A RECRUIT OF BACON. On Monday, the 24th of June, their provisions began to fail them again, but they proceeded on the line six miles and "crossed the road leading from Barnett's Station to the Brushy Cove and encamped in a low gap between the `eaters of Paint creek and Laurel river."<a href="#46" class="toolTip" title="Footnote: 46
Bishop Asbury's diary shows that he was at Barnett's Station November 4 1802"> They had a wet evening here; but as they "suped on venison stewed with a recruit of bacon Major Neely brought in this day from the Brushy Cove settlement," we may hope their lot was not altogether desolate; for it is possible that this enterprising commissary, Major Neely, might have brought them something besides that "recruit of bacon"; for it will be recalled that on a former occasion he went for a pilot and returned not only with a pilot but with two gallons of a liquid that "had such marvelous powers" that it made a very "bad place" "tolerably comfortable."
BARNETT'S STATION. At any rate, they knew they were nearing the end of their long and arduous journey, for they had now reached the waters of Paint creek, which they must have known was in the neighborhood of the "Painted Rock," their destination. The Barnett Station referred to above was probably Barnard's old stock stand on the French Broad river, five or six miles below Marshall.
OFF THE TRACK FOR AWHILE. After losing their way on the 25th and "having a very uncomfortable time of it" on Paint creek, they got on the "right ridge from the place we got off of it and proceeded on the line five miles and encamped between the waters of F. B. R. [French Broad river] and Paint creek. "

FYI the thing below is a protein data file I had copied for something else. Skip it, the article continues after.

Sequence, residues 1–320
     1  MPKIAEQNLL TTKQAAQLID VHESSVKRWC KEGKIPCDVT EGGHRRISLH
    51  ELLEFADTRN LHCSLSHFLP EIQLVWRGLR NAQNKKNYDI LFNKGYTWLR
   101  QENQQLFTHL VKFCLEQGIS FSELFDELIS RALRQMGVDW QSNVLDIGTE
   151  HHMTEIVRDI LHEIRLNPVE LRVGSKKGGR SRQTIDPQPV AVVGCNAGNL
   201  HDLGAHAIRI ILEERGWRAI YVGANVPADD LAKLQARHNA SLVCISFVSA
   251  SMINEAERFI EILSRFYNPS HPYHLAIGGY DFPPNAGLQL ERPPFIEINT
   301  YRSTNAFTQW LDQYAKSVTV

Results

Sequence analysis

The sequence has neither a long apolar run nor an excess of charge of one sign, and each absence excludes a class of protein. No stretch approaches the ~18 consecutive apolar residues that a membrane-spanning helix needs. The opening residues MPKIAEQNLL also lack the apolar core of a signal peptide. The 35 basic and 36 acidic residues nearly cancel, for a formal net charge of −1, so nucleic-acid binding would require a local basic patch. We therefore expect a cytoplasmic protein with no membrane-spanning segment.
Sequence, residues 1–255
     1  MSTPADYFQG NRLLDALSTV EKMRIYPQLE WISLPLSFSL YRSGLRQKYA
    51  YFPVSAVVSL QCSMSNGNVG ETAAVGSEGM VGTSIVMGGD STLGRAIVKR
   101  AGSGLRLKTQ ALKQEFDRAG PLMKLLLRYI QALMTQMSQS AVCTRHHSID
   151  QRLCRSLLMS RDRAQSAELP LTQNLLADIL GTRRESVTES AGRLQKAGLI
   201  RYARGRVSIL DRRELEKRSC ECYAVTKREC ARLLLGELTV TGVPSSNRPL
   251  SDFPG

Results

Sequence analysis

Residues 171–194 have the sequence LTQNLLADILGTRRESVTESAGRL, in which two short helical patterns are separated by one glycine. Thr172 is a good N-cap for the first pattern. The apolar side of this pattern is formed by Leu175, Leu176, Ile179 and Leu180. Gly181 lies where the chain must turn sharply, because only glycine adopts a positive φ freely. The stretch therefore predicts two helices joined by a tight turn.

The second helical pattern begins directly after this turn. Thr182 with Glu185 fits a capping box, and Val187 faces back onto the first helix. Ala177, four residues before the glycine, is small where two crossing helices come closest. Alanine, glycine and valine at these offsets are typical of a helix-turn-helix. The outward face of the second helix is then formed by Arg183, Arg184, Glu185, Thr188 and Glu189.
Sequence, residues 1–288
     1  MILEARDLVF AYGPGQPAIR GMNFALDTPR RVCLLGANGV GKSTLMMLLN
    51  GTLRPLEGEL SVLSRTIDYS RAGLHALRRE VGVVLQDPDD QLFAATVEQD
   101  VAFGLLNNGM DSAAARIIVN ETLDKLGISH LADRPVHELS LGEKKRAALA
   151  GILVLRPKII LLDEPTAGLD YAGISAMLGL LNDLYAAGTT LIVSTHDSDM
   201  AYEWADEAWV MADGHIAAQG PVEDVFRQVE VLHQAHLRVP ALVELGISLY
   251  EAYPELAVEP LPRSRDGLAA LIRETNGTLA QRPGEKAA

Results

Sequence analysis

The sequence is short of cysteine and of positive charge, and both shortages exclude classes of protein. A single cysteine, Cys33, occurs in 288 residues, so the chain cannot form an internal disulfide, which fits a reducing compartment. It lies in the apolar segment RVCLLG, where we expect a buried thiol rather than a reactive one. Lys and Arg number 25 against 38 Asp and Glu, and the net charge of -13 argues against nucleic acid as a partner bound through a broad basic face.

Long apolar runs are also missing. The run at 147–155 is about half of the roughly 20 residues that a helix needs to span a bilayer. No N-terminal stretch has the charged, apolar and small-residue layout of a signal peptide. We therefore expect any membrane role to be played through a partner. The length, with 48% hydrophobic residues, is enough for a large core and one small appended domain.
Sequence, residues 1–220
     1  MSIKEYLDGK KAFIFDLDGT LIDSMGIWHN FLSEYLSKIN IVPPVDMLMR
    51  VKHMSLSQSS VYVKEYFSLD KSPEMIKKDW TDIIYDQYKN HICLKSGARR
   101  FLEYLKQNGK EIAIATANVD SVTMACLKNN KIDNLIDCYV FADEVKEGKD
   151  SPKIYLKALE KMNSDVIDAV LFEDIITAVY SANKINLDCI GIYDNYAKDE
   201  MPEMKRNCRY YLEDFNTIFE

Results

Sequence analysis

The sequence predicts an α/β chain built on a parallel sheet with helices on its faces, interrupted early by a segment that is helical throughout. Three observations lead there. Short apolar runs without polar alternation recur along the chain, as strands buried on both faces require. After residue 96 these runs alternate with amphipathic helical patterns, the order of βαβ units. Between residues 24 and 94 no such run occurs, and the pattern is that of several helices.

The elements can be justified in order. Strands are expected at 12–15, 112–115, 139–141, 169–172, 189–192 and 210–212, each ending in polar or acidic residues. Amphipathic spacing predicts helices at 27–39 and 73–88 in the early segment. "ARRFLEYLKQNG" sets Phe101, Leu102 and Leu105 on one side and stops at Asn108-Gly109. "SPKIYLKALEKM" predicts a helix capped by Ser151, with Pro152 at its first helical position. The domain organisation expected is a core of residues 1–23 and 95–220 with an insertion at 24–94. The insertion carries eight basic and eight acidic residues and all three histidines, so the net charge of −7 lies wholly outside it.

"HASEY" AND "ANCTOOUS." Thursday 27. This morning is cloudy and hasey. The Commissioners being anctoous to get on to the Painted Rock started us early"; but they took a wrong ridge again and had to return and spend an uncomfortable evening.
DROPPING THE PLUMMET FROM PAINT ROCK. However, on Friday; the 28th day of June, 1 7 99, they reached the Painted Rock at last and measured its height, finding it to be " 107 feet three inches high from the top to the base," that "it rather projects out," and that "the face of the rock bears but few traces of its having formerly been painted, owing to its being smoked by pine knots and other wood from a place at its base where travellers have frequently camped. In the year 1790 it was not much smoked, the pictures of some humans, wild beasts, fish and fowls were to be seen plainly made with red paint, some of them 20 and 30 feet from its base. "
ANIMAL PICTURES HAVE DISAPPEARED. How much more satisfactory this last sentence would have been if he had only added: "I saw them." For, as the rock appears today, the red paint seems to be nothing more or less than the oxidation of the iron in the exposed surfaces, while all trace of "some humans, wild beasts," etc., mentioned by him have entirely disappeared.
THE REAL "PAINTED ROCK." However, he leaves u, in no doubt that they had reached the real Painted Rock called for by the Act of Cession, ceding "certain lands therein described"; for he goes on to say that, while "some gentlemen of Tennessee wish to construe as the painted rock referred to" another rock in the French Broad river "about seven miles higher up on the opposite or S. W. side in a very obscure place," that "it is to be observed that there is no rock on French Broad river that ever was known as the painted rock but the one first described, which has, ever since the River F. Broad was explored by white men, been a place of Publick Notoriety."
SURPASSES A "BEST SELLER" OF TO-DAY. This is the next to the concluding sentence in this quaint and charming narrative-a narrative that one hundred and fifteen years after it was penned can still be read with more interest than many of the so-called "best sellers" of the present day.